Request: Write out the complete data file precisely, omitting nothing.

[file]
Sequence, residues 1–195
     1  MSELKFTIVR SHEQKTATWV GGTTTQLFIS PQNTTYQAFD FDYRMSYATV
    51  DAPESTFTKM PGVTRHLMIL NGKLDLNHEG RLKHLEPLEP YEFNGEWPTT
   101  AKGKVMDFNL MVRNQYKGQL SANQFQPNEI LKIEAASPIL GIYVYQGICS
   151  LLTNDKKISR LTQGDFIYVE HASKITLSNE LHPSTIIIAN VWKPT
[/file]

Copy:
Sequence, residues 1–195
     1  MSELKFTIVR SHEQKTATWV GGTTTQLFIS PQNTTYQAFD FDYRMSYATV
    51  DAPESTFTKM PGVTRHLMIL NGKLDLNHEG RLKHLEPLEP YEFNGEWPTT
   101  AKGKVMDFNL MVRNQYKGQL SANQFQPNEI LKIEAASPIL GIYVYQGICS
   151  LLTNDKKISR LTQGDFIYVE HASKITLSNE LHPSTIIIAN VWKPT